Local Conduction Abnormalities
Figure 7⇓ shows isochronal activation maps (A), phase maps (B), and phase-time histograms (C) during 1:1 pacing at the RAA with BCLs of 360 ms from representative control, RAP, and CHF dogs. In the control and RAP dogs, conduction was homogeneous, phase maps showed a narrow range of values (<2 ms/mm), and phase-time histograms were narrow. In the CHF dog, local regions of conduction slowing were apparent, producing zones of marked phase delay on the phase map and a broad phase-time histogram.
Figure 8⇓ provides mean data for the phase-delay analysis in 18 CHF, 10 RAP, and 8 control dogs. Neither CHF nor RAP significantly changed the median phase time (P50), consistent with the lack of change in overall CV. The absolute range of phase delays (P5–95) and the heterogeneity index (P5–95/P50) increased at all BCLs in CHF dogs. P95 increased significantly in heart failure dogs (eg, 3.07±0.18 versus 1.74±0.14 ms/mm at BCL of 360 ms; P<0.01), whereas P5 remained unchanged. Thus, the increases in heterogeneity indexes were due to the appearance of large regional phase delays in heart failure dogs, reflecting localized regions of slow conduction.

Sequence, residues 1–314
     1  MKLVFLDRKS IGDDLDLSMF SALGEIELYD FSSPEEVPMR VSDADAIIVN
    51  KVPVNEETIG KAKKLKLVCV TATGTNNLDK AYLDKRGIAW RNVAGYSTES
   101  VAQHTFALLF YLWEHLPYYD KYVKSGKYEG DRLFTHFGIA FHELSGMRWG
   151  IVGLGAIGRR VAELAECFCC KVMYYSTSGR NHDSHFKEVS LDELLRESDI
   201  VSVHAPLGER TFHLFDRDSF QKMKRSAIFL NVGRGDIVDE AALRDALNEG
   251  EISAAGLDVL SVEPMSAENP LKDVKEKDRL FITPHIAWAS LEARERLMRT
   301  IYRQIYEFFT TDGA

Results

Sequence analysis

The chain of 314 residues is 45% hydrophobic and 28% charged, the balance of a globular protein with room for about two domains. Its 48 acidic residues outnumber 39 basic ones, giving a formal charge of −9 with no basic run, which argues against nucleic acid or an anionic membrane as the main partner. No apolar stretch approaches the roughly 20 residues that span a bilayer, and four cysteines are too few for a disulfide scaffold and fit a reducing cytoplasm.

Histological studies were performed to identify the potential pathological substrate underlying conduction abnormalities and AF in CHF dogs. Representative histological sections from each group are shown in Figure 9⇓. Both control (Figure 9A⇓) and RAP (Figure 9B⇓) atria appeared grossly normal under light microscopy. In CHF dogs (Figure⇑ C), there was extensive interstitial fibrosis accompanied by cell loss, degenerative changes, and hypertrophy. Bundles of myofibers were packed less tightly than in control animals and were separated by thick layers of fibrous tissue. There was also an increase in connective tissue between individual cells. The connective tissue was composed of increased numbers of fibroblasts, large amounts of collagen, ground substance, and occasionally fat cells. Hypertrophy was frequently present, and cell size varied considerably within specimens. Band contraction necrosis was observed in some isolated cells. Degenerating cells were characterized by a focal to extensive disruption of sarcomeres and loss of myofibrils. Cell-to-cell junctions appeared intact. Histological changes were similar in both atria but were more extensive in the LA.